As part of its Low Carbon Learning: Next Gen programme, Built Environment – Smarter Transformation (BE-ST) has launched an e-learning module on sustainable construction that can be accessed online for free at any time. It is designed to help young people better understand how alterations to existing buildings can save energy and money.
The ‘Fabric First Construction’ online module is aimed at 13- to 24-year-olds, regardless of their experience in construction or relevant academic credentials, but is also open to anyone interested in better understanding ‘fabric first’ principles. It aims to introduce sustainability concepts to learnings in a dynamic and engaging way.
Clear and simple diagrams lead learners through the basic adaptions that we can make to our existing houses to meet targets to be net zero by 2045 as well as outlining some low-cost ideas for taking fabric first principles into homes today.
Next Gen is the third phase of BE-ST's Low Carbon Learning programme. Next Gen has been running since March 2023 with a mission to inspire the young people who will make up the next generation of the construction industry’s workforce. It has engaged over 700 young people across Scotland so far in fully funded, hands-on workshops focussing on low carbon and sustainable construction.
Next Gen was launched following financial support from Young Persons’ Guarantee and the Scottish Funding Council, with a goal to widen access to meaningful and future-proof career opportunities in the construction sector.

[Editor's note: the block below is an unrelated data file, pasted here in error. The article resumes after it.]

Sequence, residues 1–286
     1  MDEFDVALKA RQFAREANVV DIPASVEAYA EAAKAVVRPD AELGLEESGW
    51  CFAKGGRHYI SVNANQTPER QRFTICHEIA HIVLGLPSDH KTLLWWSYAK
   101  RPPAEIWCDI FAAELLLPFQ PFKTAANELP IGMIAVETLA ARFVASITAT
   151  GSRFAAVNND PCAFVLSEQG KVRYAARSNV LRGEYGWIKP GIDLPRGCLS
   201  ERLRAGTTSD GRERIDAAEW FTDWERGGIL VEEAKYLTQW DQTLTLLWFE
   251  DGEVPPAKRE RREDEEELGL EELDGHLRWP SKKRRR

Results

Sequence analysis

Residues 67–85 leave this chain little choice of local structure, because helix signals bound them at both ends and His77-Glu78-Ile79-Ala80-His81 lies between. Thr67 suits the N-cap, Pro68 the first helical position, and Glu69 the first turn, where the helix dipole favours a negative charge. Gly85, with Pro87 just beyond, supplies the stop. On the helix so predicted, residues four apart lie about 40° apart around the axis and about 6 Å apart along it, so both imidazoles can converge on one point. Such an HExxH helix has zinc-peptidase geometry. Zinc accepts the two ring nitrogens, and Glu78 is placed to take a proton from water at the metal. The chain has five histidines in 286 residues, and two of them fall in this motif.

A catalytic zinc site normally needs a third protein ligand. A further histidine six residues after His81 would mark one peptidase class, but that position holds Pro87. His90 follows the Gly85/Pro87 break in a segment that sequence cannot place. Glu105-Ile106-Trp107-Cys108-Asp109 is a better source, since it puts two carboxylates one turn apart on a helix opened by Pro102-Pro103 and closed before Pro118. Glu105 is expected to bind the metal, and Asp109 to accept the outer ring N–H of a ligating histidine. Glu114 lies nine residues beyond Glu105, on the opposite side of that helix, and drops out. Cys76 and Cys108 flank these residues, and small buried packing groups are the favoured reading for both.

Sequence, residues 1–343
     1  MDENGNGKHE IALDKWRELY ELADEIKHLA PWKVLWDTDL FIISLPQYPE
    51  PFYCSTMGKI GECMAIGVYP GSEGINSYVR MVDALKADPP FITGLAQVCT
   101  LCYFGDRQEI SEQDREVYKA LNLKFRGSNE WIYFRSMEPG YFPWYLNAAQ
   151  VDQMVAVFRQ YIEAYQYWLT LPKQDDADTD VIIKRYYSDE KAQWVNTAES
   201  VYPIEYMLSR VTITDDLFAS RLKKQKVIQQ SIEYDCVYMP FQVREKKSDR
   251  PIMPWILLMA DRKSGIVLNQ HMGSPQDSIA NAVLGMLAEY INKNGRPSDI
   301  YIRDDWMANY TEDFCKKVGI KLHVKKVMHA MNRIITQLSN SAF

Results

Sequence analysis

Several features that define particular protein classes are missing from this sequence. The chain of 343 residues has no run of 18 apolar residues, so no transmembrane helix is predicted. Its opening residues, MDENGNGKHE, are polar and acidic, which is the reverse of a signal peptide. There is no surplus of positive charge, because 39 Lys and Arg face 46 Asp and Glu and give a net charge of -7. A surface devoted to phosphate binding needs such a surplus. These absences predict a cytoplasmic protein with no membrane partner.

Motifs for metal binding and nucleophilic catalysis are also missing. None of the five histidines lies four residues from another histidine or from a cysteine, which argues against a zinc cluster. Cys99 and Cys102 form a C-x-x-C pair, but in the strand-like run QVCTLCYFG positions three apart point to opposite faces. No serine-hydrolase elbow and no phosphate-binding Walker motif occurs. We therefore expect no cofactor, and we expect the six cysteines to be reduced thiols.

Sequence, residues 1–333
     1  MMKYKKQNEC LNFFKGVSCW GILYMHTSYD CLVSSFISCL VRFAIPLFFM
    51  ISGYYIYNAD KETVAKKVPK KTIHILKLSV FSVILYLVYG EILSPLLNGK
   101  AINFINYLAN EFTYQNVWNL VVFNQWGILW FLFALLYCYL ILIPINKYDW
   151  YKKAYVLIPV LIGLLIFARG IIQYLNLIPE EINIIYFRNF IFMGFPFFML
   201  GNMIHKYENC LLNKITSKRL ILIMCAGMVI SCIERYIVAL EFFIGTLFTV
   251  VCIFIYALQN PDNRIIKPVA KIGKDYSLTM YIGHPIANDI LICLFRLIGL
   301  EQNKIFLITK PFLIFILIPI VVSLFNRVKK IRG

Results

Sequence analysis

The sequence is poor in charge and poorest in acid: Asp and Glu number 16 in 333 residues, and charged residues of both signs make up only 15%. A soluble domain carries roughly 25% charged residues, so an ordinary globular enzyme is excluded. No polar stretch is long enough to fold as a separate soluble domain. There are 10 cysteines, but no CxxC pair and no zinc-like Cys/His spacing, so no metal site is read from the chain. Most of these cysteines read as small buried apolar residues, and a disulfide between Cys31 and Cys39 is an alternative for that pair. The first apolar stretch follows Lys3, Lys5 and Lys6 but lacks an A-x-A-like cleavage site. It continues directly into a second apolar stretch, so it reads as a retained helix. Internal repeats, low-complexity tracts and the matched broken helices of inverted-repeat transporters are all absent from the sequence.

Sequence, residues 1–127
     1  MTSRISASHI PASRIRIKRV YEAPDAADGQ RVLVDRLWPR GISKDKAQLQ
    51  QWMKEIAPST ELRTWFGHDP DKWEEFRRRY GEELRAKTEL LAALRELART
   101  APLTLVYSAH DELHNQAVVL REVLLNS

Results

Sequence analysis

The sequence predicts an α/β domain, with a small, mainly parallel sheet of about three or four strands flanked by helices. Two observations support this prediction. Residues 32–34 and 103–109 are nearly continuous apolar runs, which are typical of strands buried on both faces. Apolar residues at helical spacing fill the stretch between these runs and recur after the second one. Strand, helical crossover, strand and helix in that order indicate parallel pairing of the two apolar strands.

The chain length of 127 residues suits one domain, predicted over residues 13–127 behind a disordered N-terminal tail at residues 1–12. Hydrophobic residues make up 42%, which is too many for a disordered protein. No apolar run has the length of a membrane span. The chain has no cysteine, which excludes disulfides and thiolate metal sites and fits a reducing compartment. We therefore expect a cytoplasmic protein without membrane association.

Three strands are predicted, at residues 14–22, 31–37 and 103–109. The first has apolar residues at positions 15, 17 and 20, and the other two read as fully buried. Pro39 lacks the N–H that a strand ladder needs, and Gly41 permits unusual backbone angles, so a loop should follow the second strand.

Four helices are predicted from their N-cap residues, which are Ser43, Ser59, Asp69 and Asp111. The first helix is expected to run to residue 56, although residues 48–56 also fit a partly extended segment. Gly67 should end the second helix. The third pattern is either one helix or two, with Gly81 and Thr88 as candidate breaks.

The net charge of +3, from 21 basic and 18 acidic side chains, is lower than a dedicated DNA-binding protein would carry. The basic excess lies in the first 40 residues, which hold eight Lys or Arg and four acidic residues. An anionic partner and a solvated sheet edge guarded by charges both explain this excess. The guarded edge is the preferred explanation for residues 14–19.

Kate Forbes, BE-ST Associate Impact Manager and leader of the Next Gen programme said:
“We've created this online module to share some of the content from our Low Carbon Learning: Next Gen workshops with a much wider audience. We hope that the content will supplement and complement existing teaching in schools, colleges and universities. The ‘Fabric First Construction’ module aims to give learners an insight into how we can make our existing buildings into zero carbon homes in a simple, short, and accessible online module."
James Dunphy, Director for Access, Learning and Outcomes, Scottish Funding Council, said:
“We want to inspire young people to enter careers that they might otherwise not have considered and support underrepresented groups to access new pathways and opportunities. The sector will benefit from a more diverse and equal future workforce, which in turn will bring much-needed green skills.”